24th Nov2017

‘Minky Woodcock: The Girl Who Handcuffed Houdini #1’ Review

by Dean Fuller

Written by Cynthia Von Buhler | Art by Cynthia Von Buhler | Published by Titan Comics


Sometimes we pick up books and comics because they feature favourite characters of ours, or they feature writers and/or artists that we like a lot. That’s my normal practice, though of course as a reviewer I probably see a wider range that most. Occasionally though a title alone will intrigue enough to pick up a book and check it out, and that’s what happened with this book. We’ve all heard of Houdini right, so that’s a draw right there, it’s published by Hard Case Crime/Titan which is another plus, and there’s a very nice cover with a thumbs up from Neil Gaiman no less. A little look up about writer/ artist Cynthia von Buhler was also pretty intriguing. Check her out, you won’t be disappointed.

First thing to point out before we get going is that this story is inspired by a true story, that is the strange death of Harry Houdini on Halloween 1926. A huge amount of type has been devoted to this, so I’m hoping von Buhler can bring a fresh slant to proceedings. So, let’s meet Minky Woodcock, who, apart from having a fabulous name, is not very happy with her lot in life. Although she gets to hobnob with the likes of Agatha Christie and Sir Arthur Conan-Doyle, her private investigator father, Benedick Woodcock, will only let her be his secretary and not an actual investigator herself. When Sir Arthur Conan Doyle comes to the agency with a case, and Minky’s father is away, she decides to be a little creative with the truth and take the case herself.

Sir Arthur wants Harry Houdini investigated, as he believes he is not just an illusionist, but a spiritual medium, his shows are just too good for him not to be. Minky is clearly a little unsure, so Sir Arthur invited her to see a genuine séance held by a medium, Margery of Boston. Margery is famous for conducting said séances in the nude, to allow ectoplasm to manifest from, ahem, ‘her orifices’. Strange how she’s so popular…As the séance begins, Minky soon realises it’s all fake, though the other people refuse to disbelieve. She tells Sir Arthur she cannot take the case. She also learns the dislike for Houdini comes from all the spiritualist community, as he has been debunking and disproving what they do. She also gets a lead on where he hangs out.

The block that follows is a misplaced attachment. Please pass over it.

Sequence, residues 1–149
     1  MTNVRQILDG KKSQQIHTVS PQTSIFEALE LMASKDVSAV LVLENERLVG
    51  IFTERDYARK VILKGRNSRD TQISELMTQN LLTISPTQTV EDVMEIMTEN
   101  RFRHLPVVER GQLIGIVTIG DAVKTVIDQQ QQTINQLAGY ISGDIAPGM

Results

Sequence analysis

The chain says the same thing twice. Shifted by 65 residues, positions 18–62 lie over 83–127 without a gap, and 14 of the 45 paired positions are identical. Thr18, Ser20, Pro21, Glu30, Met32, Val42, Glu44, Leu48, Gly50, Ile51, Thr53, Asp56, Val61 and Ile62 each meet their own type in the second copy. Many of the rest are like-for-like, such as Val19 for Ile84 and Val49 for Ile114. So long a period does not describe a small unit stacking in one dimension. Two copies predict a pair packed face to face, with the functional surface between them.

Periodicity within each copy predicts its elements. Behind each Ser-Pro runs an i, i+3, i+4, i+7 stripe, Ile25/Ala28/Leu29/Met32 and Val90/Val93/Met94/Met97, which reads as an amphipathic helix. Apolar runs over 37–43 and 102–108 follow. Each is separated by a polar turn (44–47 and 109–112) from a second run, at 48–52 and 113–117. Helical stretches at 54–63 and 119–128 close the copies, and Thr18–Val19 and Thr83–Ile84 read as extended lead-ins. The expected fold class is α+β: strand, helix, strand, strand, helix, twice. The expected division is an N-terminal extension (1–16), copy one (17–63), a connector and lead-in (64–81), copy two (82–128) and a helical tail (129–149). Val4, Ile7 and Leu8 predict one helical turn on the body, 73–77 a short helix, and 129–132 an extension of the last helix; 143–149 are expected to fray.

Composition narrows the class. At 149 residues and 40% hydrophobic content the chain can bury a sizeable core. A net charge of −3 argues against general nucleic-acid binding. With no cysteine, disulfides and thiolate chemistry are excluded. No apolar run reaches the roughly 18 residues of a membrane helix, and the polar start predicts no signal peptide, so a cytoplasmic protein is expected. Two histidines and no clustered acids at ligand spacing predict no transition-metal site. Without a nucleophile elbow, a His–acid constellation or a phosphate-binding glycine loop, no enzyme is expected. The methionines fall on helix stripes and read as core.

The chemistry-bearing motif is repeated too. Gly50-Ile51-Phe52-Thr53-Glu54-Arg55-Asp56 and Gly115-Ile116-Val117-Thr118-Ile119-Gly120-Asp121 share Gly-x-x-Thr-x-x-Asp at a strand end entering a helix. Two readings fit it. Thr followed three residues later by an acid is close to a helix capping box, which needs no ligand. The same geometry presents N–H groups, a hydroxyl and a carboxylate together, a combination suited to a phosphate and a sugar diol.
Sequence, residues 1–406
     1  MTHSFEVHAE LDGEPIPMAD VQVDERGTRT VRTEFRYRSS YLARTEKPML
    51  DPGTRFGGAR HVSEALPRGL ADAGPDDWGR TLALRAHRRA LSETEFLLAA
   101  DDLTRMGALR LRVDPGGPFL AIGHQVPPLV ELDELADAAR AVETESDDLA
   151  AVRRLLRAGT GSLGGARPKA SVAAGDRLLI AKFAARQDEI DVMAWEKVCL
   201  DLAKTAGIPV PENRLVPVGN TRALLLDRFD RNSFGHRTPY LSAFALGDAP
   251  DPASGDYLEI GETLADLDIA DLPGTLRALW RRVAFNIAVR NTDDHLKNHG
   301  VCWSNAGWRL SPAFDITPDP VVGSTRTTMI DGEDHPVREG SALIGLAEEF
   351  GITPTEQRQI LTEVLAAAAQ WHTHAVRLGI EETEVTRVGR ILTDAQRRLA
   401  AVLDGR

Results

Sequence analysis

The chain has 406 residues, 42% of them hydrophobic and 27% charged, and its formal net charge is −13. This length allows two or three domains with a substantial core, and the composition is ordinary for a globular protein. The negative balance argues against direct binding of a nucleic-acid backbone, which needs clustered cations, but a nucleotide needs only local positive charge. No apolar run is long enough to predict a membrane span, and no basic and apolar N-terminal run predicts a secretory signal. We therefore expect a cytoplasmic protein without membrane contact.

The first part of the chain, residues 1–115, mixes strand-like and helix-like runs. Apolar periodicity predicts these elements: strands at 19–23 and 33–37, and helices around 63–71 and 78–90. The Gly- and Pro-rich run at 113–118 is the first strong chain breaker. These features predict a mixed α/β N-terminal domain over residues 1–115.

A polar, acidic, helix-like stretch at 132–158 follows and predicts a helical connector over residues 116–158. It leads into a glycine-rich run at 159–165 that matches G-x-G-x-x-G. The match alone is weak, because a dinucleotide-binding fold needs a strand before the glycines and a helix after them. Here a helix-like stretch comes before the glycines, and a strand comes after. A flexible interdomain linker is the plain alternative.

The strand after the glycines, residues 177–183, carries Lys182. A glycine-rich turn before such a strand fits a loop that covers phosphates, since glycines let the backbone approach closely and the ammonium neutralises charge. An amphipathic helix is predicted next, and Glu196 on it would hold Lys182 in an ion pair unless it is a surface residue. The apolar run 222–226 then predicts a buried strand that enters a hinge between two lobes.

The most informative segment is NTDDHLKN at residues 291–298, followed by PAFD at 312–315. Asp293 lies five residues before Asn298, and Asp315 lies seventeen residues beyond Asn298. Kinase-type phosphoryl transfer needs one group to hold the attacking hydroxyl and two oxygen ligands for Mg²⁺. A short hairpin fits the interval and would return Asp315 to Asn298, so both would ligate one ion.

So, all fake then. Or is it. Just before leaving Minky is accosted by Margery, who seems to be channeling Minky’s mother’s spirit. Her mother it seems worked with her father but died somehow. A shaken Minky leaves, and goes to the speakeasy where Harry hangs out. He’s not there, but his wife is. Bess Houdini is a bit fed up with Harry, she’s just had to fire another assistant as she thinks Harry was getting a little too friendly with her. Minky introduces herself as a private investigator, and before you know it, she’s been appointed by Bess as Harry’s new assistant. Well that’s an interesting development.

This was a really good first issue. Every page is positively dripping with 1920’s atmosphere, with the art and colouring really giving depth to this world. It’s a world that seems familiar, peopled as it is by real life characters, and one that seems not too long ago. Although the difficult first issue is mainly to set the scene and establish the characters, von Buhler not only does that but also gives us a pretty decent yarn straight away. The dialogue throughout is nicely written of course, very pulp novel in style, but it is the art that really shines. This is a book that could quite easily have been published by DC Comics Vertigo imprint a few years ago. Great debut for what looks like being a great book, and one with amazing multiple covers too.

While resisting the urge to say ‘Buhler, Buhler’ (fans of a certain 80’s film will get it), I will say Cynthia von Buhler has hit the ground running with a lovely slice of 1920’s mystery, and a book that has cult hit written all over it.

****½  4.5/5


Comments are closed.